Discovery with cancer research impact makes scientists dance in lab

"This work will be built upon here and by other researchers worldwide to advance our approach to figuring out ways to target cancers"
Amal Jos Chacko
Nerve cells attacked by antibodies.jpg
Nerve cells attacked by antibodies. 

Establishing cellular identity has been key to understanding the multitude of different cells in our body and their respective biological duties. A press release issued by scientists from Trinity College Dublin leading a team details an important revelation that has the potential to impact cancer biology and targeted treatments.

Professor Adrian Bracken and his team based in Trinity's School of Genetics and Microbiology studied the workings of Polycomb protein complexes PRC1 and PRC2. Ellen Tuck, a Ph.D. student, analogizes these proteins to “strict librarians” inside cells. “PRC1 and PRC2 block access to certain areas of the genetic library such that a neuron cell won’t have access to muscle genes, and it doesn’t get confused in its cellular identity,” she added.

For years, scientists in this field continued to be intrigued by the existence of two forms- PRC2.1 and PRC2.2- in the cell that were shown to target the same regions of DNA yet did the same job. Why was this so? Surely one version would suffice, right?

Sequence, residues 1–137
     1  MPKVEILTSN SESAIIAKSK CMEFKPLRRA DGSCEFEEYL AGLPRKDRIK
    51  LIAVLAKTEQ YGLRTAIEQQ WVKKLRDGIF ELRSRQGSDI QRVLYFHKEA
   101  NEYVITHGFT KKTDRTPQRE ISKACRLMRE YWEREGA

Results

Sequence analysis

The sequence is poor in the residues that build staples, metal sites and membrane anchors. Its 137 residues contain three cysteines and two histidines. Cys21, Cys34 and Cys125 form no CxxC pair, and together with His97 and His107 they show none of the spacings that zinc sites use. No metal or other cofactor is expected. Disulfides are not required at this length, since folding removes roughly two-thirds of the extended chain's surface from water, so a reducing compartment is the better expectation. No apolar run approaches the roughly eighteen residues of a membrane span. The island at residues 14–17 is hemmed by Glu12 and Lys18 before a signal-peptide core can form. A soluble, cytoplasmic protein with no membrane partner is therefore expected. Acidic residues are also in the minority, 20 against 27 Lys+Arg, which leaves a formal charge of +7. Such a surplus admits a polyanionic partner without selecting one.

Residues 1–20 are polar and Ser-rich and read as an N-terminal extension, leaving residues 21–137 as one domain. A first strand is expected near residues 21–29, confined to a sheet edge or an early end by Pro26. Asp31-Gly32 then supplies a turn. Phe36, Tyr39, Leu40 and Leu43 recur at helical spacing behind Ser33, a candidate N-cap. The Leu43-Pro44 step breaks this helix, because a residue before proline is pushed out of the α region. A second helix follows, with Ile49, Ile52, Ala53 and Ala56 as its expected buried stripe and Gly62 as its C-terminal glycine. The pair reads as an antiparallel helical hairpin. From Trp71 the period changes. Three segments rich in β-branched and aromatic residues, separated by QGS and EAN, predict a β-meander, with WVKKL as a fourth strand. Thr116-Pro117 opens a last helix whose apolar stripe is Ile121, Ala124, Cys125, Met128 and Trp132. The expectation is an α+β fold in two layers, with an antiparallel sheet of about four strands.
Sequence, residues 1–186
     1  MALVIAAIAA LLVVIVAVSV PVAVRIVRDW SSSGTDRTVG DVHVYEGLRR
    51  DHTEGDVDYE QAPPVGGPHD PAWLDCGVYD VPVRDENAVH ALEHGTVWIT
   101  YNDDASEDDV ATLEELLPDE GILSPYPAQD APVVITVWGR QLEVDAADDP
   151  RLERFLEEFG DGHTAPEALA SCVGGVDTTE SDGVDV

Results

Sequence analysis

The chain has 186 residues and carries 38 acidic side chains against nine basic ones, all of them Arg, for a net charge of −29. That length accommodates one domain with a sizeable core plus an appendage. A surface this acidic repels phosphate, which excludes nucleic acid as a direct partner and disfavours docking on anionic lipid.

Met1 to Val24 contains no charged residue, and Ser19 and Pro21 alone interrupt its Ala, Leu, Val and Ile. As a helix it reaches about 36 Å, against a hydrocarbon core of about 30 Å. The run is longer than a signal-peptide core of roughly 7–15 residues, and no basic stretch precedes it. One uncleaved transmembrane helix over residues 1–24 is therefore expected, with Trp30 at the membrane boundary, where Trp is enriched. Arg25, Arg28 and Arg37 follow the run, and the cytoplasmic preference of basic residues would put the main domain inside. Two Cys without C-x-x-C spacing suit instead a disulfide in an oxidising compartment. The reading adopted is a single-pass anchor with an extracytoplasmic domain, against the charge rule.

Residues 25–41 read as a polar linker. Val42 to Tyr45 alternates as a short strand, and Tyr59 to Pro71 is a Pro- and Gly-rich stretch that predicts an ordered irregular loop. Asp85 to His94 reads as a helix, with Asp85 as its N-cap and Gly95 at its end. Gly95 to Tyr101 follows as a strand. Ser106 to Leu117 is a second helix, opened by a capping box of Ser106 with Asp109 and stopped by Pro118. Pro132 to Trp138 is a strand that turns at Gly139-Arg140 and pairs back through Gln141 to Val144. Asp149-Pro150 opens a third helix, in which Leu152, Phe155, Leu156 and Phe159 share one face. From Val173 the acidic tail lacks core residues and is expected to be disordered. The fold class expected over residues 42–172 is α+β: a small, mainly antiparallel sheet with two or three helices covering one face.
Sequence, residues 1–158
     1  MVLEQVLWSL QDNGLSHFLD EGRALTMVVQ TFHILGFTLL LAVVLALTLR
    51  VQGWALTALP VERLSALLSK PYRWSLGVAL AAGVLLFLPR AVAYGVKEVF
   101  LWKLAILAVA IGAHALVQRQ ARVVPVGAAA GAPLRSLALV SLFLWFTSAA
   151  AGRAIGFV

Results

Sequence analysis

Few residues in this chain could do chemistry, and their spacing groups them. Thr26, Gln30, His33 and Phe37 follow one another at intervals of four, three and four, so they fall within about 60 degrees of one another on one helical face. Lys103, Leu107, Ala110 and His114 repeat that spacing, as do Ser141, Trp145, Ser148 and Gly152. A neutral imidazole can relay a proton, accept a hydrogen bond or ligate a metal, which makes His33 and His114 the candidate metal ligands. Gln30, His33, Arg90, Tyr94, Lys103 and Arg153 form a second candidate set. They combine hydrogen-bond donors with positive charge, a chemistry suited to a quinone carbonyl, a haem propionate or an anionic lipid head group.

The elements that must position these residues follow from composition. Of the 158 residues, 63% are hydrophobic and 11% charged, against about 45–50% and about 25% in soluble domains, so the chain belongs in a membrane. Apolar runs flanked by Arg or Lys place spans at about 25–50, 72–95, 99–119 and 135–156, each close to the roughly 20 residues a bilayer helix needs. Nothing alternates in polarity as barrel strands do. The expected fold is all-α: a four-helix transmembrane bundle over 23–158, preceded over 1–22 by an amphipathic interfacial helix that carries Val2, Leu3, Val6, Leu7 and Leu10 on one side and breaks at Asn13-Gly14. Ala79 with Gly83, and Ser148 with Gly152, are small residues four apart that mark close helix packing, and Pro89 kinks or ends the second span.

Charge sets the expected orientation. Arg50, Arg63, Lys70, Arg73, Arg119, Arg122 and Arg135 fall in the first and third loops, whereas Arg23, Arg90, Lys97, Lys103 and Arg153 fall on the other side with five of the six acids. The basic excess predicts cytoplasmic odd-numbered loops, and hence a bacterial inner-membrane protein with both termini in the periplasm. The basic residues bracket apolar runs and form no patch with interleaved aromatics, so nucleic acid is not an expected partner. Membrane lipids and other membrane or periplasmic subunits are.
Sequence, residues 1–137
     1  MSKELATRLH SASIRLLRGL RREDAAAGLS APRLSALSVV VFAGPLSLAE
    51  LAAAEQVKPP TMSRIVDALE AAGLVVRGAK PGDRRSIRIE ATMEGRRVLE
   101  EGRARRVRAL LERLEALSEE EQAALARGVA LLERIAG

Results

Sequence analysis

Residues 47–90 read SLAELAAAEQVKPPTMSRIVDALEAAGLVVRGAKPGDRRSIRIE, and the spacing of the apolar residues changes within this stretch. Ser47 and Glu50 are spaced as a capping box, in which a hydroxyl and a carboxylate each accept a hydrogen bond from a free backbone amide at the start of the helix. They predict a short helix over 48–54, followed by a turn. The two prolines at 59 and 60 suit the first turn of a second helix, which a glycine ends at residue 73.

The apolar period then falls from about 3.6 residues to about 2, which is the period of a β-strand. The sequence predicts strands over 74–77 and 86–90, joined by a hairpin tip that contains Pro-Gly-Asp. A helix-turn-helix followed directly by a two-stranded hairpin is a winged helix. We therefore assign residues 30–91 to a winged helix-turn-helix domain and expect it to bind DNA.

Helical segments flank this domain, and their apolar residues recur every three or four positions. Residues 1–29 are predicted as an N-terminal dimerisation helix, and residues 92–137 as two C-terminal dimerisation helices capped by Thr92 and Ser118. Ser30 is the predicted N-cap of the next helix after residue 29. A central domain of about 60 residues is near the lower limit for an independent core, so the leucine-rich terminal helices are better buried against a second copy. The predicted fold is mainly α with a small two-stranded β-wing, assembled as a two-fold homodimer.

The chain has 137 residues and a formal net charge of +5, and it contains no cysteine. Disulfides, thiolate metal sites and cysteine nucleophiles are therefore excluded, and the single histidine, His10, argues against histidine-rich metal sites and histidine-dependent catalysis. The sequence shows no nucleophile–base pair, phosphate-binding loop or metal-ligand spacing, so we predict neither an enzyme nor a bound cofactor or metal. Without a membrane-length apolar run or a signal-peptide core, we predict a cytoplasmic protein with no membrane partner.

This conundrum has finally been answered. The team found that PRC2.1 and PRC2.2 recruit different forms of the PRC1 complex, explaining the existence of the two versions. 

Discovery with cancer research impact makes scientists dance in lab
An illustration of Polycomb protein complexes critical for maintaining cellular identities

Dr. Eleanor Glancy, a Ph.D. graduate of the Bracken lab, describes the evening when the team finally made sense of the data in front of them. “We initially thought there must have been a technical issue with the experiment, but multiple replications confirmed that we had stumbled upon a fascinating new process that reshapes our understanding of the hierarchical workflow of Polycomb complexes. This took us by complete surprise. We were dancing around the lab,” she recalls. 

The team, spearheaded by Dr. Glancy and Postdoctoral researcher Dr. Cheng Wang in collaboration with scientists in Italy and Netherlands, published their work in the leading journal Molecular Cell.

Their findings are of great relevance to the field of chromatin and epigenetics research and can impact cancer biology research as genes encoding Polycomb proteins are frequently mutated in cancers. 

Professor Bracken and his team worked through the COVID-19 pandemic shutdown keeping up with their tight deadlines and undeterred by failed hypotheses and failed experiments while maintaining social distancing measures to attain this significant breakthrough.

The team currently studies the effects of these mutations in childhood brain cancers and adult lymphomas to gain a better understanding of the biological mechanisms gone rogue, and how they can be targeted to reach more effective treatments. “A firm and comprehensive understanding of the workings of these complexes is critical to figuring out new ways to target them in cancer settings,” added Professor Bracken.

Study Abstract

A team of scientists based in Trinity College Dublin talks about their discovery and reasons behind the existence of PRC2.1 and PRC2.2, two Polycomb protein complexes critical to maintaining cellular identity, and their potential impact on cancer treatment research.

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